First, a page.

Western Martial Arts

Western Martial Arts...
and Cutting Practice

A Few Final Thoughts-

I have read many comments over the years about cutting practice being unnecessary, or something that "they do" (the EMA folks), and, "why should we (the WMA folks) have to do what they do". In all sincerity I will try to say this in a way that is obviously meant to include anyone who studies a martial art that involves the use of a bladed weapon;

If you are training to use an edged weapon then there is only one way to check to be sure that you are using it efficiently and effectively, the way it was meant to be used... see if you can cut a reasonable target with it!

Hopefully that included everybody and offended no one.

I have also heard and read comments about tatami not being a “realistic” or useful target. Neither are plastic bottles, pumpkins or plywood. There is only one realistic target, another human being that is moving around and trying in earnest to hit you back or cut you. Thankfully, I don’t believe most of us will be unfortunate enough to ever be in the position of having a “realistic” target to deal with. EVERYTHING ELSE is just a fabricated test of the sword or the person using it. What the modern day martial artist wants, hopefully, is a target material that can provide them with useful information and can help them learn to cut better.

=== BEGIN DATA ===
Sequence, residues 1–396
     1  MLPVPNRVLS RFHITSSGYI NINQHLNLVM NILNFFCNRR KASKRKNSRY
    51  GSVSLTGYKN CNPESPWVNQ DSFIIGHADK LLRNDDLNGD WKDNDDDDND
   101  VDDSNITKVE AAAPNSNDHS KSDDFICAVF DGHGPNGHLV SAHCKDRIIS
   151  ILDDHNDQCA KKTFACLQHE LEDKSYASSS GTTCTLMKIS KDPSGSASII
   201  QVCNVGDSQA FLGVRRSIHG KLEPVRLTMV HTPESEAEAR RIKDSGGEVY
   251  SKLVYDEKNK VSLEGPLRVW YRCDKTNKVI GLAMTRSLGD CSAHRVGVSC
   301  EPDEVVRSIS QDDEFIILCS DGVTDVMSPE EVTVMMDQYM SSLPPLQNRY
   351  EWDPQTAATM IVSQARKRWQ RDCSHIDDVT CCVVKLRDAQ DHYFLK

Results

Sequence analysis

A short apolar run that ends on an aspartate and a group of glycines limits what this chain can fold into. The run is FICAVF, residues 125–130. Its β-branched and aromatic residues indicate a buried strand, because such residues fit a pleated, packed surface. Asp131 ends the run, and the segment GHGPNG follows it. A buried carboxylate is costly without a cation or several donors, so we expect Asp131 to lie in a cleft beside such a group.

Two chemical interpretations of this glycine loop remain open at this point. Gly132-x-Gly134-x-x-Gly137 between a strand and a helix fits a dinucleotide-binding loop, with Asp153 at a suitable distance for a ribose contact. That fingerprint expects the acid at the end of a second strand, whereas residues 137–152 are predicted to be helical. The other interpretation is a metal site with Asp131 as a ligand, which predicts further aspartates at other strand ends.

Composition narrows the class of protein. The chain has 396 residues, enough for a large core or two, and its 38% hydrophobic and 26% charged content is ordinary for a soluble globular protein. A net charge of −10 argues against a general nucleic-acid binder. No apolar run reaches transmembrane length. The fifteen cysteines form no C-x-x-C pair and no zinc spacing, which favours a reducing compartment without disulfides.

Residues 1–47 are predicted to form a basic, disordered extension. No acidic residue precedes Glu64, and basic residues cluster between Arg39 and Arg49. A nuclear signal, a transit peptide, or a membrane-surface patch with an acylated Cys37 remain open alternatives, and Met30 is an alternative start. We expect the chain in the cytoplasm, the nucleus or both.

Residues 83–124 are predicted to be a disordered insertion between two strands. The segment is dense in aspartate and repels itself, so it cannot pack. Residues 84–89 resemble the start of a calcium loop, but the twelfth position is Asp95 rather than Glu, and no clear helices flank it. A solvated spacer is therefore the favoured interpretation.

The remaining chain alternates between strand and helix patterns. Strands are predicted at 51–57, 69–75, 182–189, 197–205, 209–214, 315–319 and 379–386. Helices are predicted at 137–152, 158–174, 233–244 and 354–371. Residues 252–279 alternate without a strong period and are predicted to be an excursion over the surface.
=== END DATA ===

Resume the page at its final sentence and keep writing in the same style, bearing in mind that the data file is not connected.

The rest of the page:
Back to “realism”.  From my reading and coversations with others whom I respect, I believe that most sword cuts were meant to penetrate the soft tissues of the body by means of slashing, slicing, or thrusting. It is my impression that the “home-run hit”, or cutting entirely through a torso or large limb, was a rare occurrence because it is very difficult to perform on a moving target that is trying to avoid being hit, and at the same time is striking back. However, a cut that created a sizeable wound in soft tissue was sufficient to put down most combatants and allow you to move on to the next opponent.

As such, body dynamics, sword position, swing angle, edge control, and tip position are paramount to quality sword technique, and can easily be checked and tested.  In the later part of the 19th century in Japan they started to use targets made from rice straw with a piece of bamboo in the center and then soaked in water. These targets were used because they found that this was a material which represented the muscular and connective tissue in the human body in both density and toughness, the green bamboo has similar cutting properties to bone. Today we use prefabricated tatami omote that closely mimics the old rice straw targets.

I honestly think that when you look at all the different things that can be learned from regular cutting practice, and then the cost of the material, the availability, and the realistic difficulty it takes to cut the target, then tatami omote comes out way ahead of all other target materials in terms of value. Tatami can be built up to make increasingly tougher targets and inexpensive bamboo or wood dowels can be added to the target to give it a harder center. If you decide that you would like to try some tatami for cutting targets the best value on the market is from Mugen Dachi.

Don't just take our word for it. Check to see what some long-term practitioners and instructors of the Western Martial Arts have to say about Mugen Dachi Tatami Omote.

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